An undercover state cop who has infiltrated an Irish gang and a mole in the police force working for the same mob race to track down and identify each other before being exposed to the enemy, after both sides realize their outfit has a rat.
Memento chronicles two separate stories of Leonard, an ex-insurance investigator who can no longer build new memories, as he attempts to find the murderer of his wife, which is the last thing he remembers. One story line moves forward in time while the other tells the story backwards revealing more each time. Written by
When Leonard and Teddy are in the diner, Teddy says "What about John G.? You think he's still here?" When the scene cuts back to Leonard, the line "You think he's still here?" is heard, but Teddy's mouth isn't moving. See more »
So where are you? You're in some motel room. You just - you just wake up and you're in - in a motel room. There's the key. It feels like maybe it's just the first time you've been there, but perhaps you've been there for a week, three months. It's - it's kind of hard to say. I don't - I don't know. It's just an anonymous room.
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overused plot + often abused style = best movie of the year
A man with no short term memory tries to solve a murder. The scenes in the movie are played in reverse. Sounds like yet another run of the mill comedy but in reality is one of the best suspense/dramas I've seen in years.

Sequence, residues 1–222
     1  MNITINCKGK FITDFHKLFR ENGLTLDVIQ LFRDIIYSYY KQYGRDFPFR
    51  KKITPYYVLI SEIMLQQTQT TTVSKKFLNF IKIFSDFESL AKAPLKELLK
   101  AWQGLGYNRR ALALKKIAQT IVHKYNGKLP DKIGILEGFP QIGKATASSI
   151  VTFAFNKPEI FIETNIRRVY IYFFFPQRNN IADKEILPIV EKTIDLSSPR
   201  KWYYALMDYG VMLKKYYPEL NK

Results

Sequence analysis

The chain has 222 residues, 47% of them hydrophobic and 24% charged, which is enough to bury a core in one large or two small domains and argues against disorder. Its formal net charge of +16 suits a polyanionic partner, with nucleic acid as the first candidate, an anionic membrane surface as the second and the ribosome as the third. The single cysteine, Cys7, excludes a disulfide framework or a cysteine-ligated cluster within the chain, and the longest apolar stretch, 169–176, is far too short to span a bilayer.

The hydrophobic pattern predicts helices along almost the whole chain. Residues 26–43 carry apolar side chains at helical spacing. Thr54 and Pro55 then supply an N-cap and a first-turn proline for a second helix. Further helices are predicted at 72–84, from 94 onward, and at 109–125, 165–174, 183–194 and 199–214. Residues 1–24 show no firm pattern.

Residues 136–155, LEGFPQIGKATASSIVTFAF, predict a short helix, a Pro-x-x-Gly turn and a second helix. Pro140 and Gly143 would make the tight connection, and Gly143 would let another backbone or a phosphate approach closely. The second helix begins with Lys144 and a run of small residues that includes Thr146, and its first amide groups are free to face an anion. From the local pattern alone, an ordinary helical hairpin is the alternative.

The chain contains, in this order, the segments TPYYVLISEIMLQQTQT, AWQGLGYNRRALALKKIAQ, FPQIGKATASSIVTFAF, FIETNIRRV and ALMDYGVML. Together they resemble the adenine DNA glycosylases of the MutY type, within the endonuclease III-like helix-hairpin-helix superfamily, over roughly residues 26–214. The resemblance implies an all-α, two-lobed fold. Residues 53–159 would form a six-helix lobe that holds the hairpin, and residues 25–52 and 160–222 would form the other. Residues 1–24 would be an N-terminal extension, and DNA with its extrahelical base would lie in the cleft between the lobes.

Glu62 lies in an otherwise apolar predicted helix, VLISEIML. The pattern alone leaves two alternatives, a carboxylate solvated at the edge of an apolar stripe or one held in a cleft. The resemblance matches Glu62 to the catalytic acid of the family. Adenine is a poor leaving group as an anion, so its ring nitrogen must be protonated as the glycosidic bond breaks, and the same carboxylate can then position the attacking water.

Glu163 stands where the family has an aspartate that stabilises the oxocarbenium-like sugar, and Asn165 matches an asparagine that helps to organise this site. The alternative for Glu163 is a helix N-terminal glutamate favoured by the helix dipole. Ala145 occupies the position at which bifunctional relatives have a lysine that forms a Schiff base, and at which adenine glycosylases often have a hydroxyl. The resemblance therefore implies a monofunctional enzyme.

While some may claim showing the scenes in reverse is just an annoying trick to make a simple plot confusing and add a plethora of twists, I wholeheartedly disagree. Any good story teller knows it's not what you say, but how you say it.
By playing the scenes in reverse you experience the confusion Lenny undergoes throughout the film. Showing some of the scenes in chronological order (BTW, the use of B&W instead of color to make the time distinction was ingenious) creates suspense which builds as the two timelines converge. The somewhat rushed pace (compared to a written format) doesn't give you enough time to adequately analyze the events during the movie. This has two advantages: firstly you're going to talk about it after you leave the theater adding to experience immensely, and secondly you don't have time to think about what has happened (will happen) so you're experience better follows that of Lenny.
While many might find the movie rather confusing, it flows wonderfully for anyone familiar with writing styles that constantly jump around a timeline (e.g. Catch 22).
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